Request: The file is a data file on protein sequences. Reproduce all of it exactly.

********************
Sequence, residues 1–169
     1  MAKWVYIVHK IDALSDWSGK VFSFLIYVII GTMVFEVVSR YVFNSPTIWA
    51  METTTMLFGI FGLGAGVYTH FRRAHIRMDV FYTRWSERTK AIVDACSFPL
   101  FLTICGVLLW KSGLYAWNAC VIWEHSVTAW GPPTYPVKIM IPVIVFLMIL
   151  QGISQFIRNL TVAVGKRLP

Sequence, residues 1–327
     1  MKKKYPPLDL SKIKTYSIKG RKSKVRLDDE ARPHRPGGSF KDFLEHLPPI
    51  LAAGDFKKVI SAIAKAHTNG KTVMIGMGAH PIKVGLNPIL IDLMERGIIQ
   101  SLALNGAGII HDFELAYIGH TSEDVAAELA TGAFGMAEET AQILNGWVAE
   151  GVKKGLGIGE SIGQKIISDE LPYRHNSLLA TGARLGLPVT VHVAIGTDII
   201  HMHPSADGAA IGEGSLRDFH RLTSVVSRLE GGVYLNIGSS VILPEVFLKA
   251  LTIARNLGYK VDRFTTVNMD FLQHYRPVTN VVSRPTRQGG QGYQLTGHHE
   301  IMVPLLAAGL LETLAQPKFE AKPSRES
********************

Sequence, residues 1–169
     1  MAKWVYIVHK IDALSDWSGK VFSFLIYVII GTMVFEVVSR YVFNSPTIWA
    51  METTTMLFGI FGLGAGVYTH FRRAHIRMDV FYTRWSERTK AIVDACSFPL
   101  FLTICGVLLW KSGLYAWNAC VIWEHSVTAW GPPTYPVKIM IPVIVFLMIL
   151  QGISQFIRNL TVAVGKRLP

Sequence, residues 1–327
     1  MKKKYPPLDL SKIKTYSIKG RKSKVRLDDE ARPHRPGGSF KDFLEHLPPI
    51  LAAGDFKKVI SAIAKAHTNG KTVMIGMGAH PIKVGLNPIL IDLMERGIIQ
   101  SLALNGAGII HDFELAYIGH TSEDVAAELA TGAFGMAEET AQILNGWVAE
   151  GVKKGLGIGE SIGQKIISDE LPYRHNSLLA TGARLGLPVT VHVAIGTDII
   201  HMHPSADGAA IGEGSLRDFH RLTSVVSRLE GGVYLNIGSS VILPEVFLKA
   251  LTIARNLGYK VDRFTTVNMD FLQHYRPVTN VVSRPTRQGG QGYQLTGHHE
   301  IMVPLLAAGL LETLAQPKFE AKPSRES